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How Rooibos Tea Harvesting Methods Change Taste and Color

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How Rooibos Tea Harvesting Methods Change Taste and Color

Ever dared taking a hot brew of Tea? This question belongs to those who don’t drink Tea Perhaps, don’t enjoy the taste! However, Rooibos Tea breaks this dilemma of sour and spicy taste of tea with its heavenly grounded and grassy spectrum of taste. The methods of cultivation and processing Rooibos Tea surprisingly adds variation to its taste spectrum. With a little nutty and malty taste, Rooibos can refresh your taste buds and soothes your mind with its light and refreshing taste. The Dutch settlers were the first in Europe to bring Rooibos due to its aroma and a competitive yet cheap substitute to green and black tea.

Harvesting Rooibos Tea

Oxidation gives Rooibos Tea its Taste and Color

The harvesting process of Rooibos tea is similar to the Camillia Sinensis. The color and taste of the Rooibos is greatly varies from red and sweet to light green and mineral like flavor due to oxidation. The Red Bush tea plants are harvested after every 18 months between February and March. The leaves and stems are cut and bound into bundles. The bundles are later sorted for the purpose of oxidation to develop its rich flavor and red color. More the Rooibos plant is exposed to oxygen, the more it’ll be red and sweet in taste. Rooibos is also dried immediately through steaming and is less oxidized. This turns the color of Rooibos green and gives earthy flavor.

 

Fermented Rooibos Tastes Sweet by Reducing Astringency 

If you’ve been a little skeptical about consuming Rooibos tea, fermented Rooibos might help you decide. Red Rooibos undergoes the process of fermentation and oxygen as well. This process reduces the astringency and bitterness of the tea by exposing the leaves to humidity and oxygen. Since you now know the how to differentiate the Rooibos tea based on its taste and color. You might want to brew a cup of Rooibos with a couple of tips that help you with the aftertaste and mouthfeel.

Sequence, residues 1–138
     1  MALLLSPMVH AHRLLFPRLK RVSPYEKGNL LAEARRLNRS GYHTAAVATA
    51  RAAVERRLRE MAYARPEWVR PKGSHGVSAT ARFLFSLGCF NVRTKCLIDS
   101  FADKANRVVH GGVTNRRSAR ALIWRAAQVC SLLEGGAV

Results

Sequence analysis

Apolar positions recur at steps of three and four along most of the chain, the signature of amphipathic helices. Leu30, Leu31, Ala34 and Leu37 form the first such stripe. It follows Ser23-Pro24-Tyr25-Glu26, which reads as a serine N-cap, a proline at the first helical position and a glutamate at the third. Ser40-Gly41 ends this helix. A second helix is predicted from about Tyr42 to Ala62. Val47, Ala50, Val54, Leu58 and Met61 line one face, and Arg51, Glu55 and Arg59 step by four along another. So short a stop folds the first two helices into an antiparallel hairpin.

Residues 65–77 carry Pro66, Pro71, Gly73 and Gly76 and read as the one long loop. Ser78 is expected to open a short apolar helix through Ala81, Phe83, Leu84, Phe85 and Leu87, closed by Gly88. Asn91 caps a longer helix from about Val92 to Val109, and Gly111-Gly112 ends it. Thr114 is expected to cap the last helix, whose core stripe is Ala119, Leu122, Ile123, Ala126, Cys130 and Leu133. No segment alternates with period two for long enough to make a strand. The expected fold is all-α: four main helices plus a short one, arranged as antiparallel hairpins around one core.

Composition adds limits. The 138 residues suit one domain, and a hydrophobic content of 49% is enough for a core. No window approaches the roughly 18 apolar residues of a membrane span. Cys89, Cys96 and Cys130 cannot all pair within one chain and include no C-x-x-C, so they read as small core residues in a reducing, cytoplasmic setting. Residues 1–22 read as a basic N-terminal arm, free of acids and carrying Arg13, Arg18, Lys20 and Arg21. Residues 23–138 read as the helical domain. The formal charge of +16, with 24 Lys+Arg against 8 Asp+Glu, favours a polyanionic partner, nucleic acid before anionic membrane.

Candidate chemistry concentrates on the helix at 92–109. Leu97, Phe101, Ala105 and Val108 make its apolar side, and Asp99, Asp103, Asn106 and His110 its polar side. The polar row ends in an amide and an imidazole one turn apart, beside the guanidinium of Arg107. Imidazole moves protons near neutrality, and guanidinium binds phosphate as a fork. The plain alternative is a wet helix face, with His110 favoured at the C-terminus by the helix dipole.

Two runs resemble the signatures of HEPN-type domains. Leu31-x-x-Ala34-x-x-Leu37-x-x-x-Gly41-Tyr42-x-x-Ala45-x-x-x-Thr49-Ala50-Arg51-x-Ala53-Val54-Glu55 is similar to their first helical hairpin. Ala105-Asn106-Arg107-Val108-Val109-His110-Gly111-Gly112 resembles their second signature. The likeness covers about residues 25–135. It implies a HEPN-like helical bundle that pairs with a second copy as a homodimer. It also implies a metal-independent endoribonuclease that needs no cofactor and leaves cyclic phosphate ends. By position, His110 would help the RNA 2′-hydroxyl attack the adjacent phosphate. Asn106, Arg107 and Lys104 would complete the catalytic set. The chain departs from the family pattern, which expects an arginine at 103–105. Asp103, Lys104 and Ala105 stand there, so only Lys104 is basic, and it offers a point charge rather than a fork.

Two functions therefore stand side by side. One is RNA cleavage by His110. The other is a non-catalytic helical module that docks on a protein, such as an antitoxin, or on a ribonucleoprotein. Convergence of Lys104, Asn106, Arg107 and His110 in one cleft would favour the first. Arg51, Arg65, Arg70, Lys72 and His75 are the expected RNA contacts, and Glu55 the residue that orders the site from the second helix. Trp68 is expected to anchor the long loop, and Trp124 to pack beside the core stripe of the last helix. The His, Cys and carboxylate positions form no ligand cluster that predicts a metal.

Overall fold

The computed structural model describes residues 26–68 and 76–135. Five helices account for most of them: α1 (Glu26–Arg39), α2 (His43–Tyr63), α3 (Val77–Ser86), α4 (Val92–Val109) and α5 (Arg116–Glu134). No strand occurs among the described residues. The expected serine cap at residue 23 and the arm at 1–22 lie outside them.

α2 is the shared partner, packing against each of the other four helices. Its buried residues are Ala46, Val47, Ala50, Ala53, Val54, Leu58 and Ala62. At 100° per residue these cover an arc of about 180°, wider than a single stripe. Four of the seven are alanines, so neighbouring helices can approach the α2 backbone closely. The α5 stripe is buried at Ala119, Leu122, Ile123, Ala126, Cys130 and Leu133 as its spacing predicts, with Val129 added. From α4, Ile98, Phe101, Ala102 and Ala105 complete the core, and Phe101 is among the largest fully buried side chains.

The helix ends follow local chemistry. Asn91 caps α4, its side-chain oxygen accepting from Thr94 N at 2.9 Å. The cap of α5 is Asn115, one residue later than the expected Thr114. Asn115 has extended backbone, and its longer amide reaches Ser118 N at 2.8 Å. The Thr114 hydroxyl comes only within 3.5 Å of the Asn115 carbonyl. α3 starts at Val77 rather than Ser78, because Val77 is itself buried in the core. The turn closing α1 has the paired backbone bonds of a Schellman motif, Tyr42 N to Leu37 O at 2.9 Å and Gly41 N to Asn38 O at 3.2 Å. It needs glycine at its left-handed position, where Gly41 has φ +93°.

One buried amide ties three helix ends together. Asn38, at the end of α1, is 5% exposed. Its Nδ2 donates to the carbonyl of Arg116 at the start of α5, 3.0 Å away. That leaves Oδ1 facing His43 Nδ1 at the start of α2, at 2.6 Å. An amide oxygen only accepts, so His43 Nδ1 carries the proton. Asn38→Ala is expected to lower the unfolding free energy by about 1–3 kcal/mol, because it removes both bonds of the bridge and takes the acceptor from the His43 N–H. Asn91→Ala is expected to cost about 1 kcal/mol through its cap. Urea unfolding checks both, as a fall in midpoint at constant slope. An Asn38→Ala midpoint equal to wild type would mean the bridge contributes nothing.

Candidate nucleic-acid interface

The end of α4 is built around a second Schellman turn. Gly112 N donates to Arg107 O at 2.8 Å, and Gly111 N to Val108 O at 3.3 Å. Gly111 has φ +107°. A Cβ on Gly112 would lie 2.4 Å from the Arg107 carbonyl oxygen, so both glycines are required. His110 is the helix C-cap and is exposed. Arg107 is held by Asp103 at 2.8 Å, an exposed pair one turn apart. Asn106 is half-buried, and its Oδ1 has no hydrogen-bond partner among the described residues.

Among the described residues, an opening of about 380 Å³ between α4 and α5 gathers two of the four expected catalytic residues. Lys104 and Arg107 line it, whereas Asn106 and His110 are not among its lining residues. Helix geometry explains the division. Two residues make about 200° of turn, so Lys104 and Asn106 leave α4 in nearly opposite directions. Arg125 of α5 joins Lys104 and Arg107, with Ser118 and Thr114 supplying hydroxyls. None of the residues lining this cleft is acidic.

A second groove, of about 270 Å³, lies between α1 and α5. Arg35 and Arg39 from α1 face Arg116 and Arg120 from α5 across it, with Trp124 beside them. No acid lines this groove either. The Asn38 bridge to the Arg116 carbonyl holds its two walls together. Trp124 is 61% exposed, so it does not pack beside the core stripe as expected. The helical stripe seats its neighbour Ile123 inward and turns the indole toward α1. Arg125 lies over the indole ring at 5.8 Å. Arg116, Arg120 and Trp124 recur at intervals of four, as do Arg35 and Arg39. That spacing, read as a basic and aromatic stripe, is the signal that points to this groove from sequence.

Cultivating Rooibos from Cederberg Mountain

More Infusion makes the Rooibos Tea Stronger

For having a great taste of Rooibos tea, begin with filtered water or spring water is the best. Having good quality leaves should be left in the vessel for steeping. The temperature should be about 200 or 210 while covering the vessel or tea pot for infusing. Unlike the green or black tea, Rooibos doesn’t adapt to a more astringent and bitter taste. Rather, boiling Rooibos tea infused longer will have more strong taste and will be flavorful. If you’re still skeptical about the taste, you can enjoy brewing with a either milk or cream with sweetener.

This 300 year old brew is also known as the Mountain Tea as the tea is cultivated in the mountainous region, Cederberg in South Africa. Rooibos tea is completely caffeine free and is often substituted for caffeinated beverages. With incredibly rich nutrients in the plant, the tea is increasingly been used to treat several health condition. People with Stomach cramp and poor immune systems are often recommended to consume Rooibos tea. Rooibos tea has become an essential brew of many people’s appetite. The Rooibos tea now comes with tons of different flavors that you might like.

Rooibos Latte

Make the Rooibos Tea of your Choice

You can gulp in the heavenly flavor of Rooibos without adding any flavors. But, adding a little skosh of milk with sugar or cream can improve the taste. Rooibos is now being sold in the premium beverages category starting from Rooibos latte to Iced Tea and or savory mocktails. The deep red color with an earthy taste gives an entirely new sensation of taste to you. Since the drink is caffeine free, it offers its own set of health benefits that might sound intuitively considerable. Drinking a decaffeinated Rooibos tea can reduce anxiety, and help sleep better.

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